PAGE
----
Figure 2-The viability of bacterial starter and S. boulardii in yogurt product during storage time. A-yogurt with 1%yeast, B-yogurt with 2%yeast, C-yogurt with 3%yeast, D-control yogurt Figure 2: The viability of bacterial starter and S. boulardii in yogurt product during storage time. A-yogurt with 1%yeast, B-yogurt with 2%yeast, C-yogurt with 3%yeast, D-control yogurt

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Saccharomyces boulardii are known to produce several protein enzymes that break down milk protein into peptides that are used as a nitrogen source during starter bacteria growth in milk for yogurt product14. This in turn going to lead to higher starter growth and acidity produced rate in the milk15. In addition, the yeast is a main source of B complex vitamins, which need lactic acid bacteria for growth. The yogurt samples with Saccharomyces boulardii showed an increase in total acidity percentage during 6 hours of fermentation also, an increase in the Saccharomyces boulardii concentration positively affected on the rate of lactic acid production.

In general these results showed that yogurt starter with added S. boulardii had higher proteolytic activity compared starter cultures without yeast. S. boulardii has proteolytic systems complex, which generate biopeptides. These results agreed with the findings of Buts et al.16 who reported that S. boulardii had higher activity of proteolytic enzymes in the pH range 2 to 8. Saccharomyces cerevisiae as potential probiotic can produce a variety of enzymes such as protease, cellulose, lipase and amylase17. Despite the inability to use lactose, yeast species can use glucose, galactose and organic acids as carbon source which derived from the metabolism of lactic acid bacteria from lactose fermentation are found in dairy products18.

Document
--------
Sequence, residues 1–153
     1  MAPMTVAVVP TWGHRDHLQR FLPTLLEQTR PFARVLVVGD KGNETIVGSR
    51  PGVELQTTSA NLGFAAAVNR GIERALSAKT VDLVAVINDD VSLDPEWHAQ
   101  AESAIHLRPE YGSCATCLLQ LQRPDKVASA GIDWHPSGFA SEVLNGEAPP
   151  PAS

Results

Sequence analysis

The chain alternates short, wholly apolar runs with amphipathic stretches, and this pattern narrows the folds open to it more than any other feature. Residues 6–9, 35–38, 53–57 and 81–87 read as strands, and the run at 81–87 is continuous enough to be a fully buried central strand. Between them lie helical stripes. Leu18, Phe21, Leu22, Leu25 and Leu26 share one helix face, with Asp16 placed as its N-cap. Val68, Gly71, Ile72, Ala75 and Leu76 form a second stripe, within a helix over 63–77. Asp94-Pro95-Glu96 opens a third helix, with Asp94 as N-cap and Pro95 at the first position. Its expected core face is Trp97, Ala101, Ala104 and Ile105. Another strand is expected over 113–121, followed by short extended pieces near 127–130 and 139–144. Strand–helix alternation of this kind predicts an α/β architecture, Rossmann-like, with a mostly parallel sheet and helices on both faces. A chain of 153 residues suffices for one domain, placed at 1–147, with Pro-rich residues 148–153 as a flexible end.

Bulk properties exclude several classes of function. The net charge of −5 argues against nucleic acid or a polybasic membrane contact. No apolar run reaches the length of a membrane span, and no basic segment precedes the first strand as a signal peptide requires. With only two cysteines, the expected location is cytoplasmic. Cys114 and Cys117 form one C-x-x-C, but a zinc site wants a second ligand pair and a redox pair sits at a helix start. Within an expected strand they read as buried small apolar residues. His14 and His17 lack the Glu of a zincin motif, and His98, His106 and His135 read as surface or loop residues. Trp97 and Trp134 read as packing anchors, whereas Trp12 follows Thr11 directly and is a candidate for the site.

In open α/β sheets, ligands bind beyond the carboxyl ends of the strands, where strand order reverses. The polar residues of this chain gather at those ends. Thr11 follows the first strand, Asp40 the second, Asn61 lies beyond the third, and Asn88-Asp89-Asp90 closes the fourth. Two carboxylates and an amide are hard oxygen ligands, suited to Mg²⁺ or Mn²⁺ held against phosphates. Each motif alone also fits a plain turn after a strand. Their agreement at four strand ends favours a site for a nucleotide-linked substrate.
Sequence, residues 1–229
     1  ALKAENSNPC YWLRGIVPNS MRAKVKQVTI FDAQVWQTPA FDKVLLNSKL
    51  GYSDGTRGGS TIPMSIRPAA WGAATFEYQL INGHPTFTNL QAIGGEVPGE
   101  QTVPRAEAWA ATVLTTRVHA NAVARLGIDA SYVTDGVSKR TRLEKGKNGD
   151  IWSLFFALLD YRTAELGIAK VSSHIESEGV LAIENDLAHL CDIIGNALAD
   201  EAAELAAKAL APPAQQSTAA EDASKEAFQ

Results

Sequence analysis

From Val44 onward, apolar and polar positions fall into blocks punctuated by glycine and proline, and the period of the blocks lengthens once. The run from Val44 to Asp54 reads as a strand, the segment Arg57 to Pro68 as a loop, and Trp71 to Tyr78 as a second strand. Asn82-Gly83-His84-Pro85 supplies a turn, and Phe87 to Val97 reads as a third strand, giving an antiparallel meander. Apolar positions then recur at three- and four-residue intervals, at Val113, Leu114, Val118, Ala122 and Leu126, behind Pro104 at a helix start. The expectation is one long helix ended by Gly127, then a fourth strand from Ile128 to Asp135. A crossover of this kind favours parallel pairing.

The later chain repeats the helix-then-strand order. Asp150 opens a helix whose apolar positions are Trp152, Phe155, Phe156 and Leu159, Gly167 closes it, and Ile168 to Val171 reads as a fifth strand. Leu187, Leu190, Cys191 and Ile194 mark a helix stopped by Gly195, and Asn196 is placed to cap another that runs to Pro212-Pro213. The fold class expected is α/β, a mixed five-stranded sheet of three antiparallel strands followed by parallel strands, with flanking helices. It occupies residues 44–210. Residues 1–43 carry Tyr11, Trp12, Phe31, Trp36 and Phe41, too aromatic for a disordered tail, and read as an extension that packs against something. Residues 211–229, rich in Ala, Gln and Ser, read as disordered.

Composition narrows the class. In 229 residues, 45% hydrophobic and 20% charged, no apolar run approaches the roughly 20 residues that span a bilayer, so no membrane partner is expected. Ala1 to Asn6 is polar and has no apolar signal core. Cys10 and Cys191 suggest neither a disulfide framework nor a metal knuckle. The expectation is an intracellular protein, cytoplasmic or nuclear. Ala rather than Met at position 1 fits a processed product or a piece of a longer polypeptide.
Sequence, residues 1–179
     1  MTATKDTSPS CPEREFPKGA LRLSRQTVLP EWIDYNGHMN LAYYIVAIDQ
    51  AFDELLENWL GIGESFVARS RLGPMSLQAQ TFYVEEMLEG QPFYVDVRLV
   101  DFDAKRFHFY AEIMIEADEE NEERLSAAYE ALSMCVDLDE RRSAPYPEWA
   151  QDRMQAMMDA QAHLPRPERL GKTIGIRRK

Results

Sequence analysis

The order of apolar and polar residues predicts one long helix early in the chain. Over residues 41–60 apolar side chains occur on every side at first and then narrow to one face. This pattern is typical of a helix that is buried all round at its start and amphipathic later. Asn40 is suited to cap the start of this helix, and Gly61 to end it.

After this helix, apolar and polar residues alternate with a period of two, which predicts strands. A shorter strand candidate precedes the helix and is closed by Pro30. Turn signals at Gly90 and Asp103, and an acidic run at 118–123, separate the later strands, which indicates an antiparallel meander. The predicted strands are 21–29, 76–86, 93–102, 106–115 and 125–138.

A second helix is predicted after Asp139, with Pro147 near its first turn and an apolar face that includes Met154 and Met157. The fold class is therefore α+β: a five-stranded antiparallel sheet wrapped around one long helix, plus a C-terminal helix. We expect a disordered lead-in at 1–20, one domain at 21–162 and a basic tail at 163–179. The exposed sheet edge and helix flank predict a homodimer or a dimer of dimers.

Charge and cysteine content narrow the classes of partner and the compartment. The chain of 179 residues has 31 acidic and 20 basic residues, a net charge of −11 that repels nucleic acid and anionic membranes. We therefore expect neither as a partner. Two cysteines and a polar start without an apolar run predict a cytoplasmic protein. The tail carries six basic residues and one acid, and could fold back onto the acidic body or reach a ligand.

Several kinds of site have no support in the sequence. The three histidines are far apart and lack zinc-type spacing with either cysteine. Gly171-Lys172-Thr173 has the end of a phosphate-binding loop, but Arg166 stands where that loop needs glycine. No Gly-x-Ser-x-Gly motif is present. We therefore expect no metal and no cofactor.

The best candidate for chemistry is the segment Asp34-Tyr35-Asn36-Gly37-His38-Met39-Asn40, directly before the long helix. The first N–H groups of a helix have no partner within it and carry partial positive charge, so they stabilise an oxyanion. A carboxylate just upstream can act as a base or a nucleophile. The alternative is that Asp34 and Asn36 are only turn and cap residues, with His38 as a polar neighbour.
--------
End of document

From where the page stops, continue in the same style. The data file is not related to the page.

WSN percentage were higher in yogurt made by starter culture with 2% of S. boulardii compared with other treatments because of high proteolytic activity of S. boulardii16. Saccharomyces yeast had phospholipase enzyme which break down for phospholipids and release free fatty acids19.

Water holding capacity of a protein gel is an important parameter in yogurt production. Reducing of WHC or separation of whey is due to the irresolute gel network of yogurt production20,21. In the present study, S. boulardii was added into starter culture during manufacturing. This may also be reason to increasing WHC during 21 of storage time. The addition of yeast lead to increasing total solid of yogurt production could cause increased density of protein gel in yogurt 22. Very important is the fact that the presence of yeast stimulated the survival of lactic acid bacteria, which in both yogurt and yeast were significantly higher than in control23.

The survivability of microorganisms in yogurt product has been confirmed in food standards and regulations. These results were confirmed by resulted of Hattingh and Viljoen18 who pointed that Log. number of S. boulardii was  7.6 CFU/ml in yogurt at 5ºC for 29 days of storage time. Incorporation of probiotic yeasts showed a synergistic effect by the enhanced growth and cells viability of lactic acid bacteria in dairy fermentation with increased probiotic effectiveness24. The probiotic organisms as Saccharomyces boulardii can be inserted into dairy foods to develop therapeutic and functional and foods. Incorporation of S. boulardii into yogurts seemed useful in improving the proteolytic activity of yogurts during fermentation. The addition of probiotic yeast to yogurt manufacture has been improved by chemical and rheological properties after 21 days of storage time. Yogurts showed the ability in preserving higher viability of yeast probiotic S. boulardii counts in yogurt with 2% and 3% of probiotic yeast were sufficient beneficial organisms yield than threshold of acceptable (106 CFU/gm).


Thank you for Staff of Biotechnology Lab., Department of food science, college of Agriculture, University of Basrah, The Ministry of Higher Education and Scientific Research of Iraq.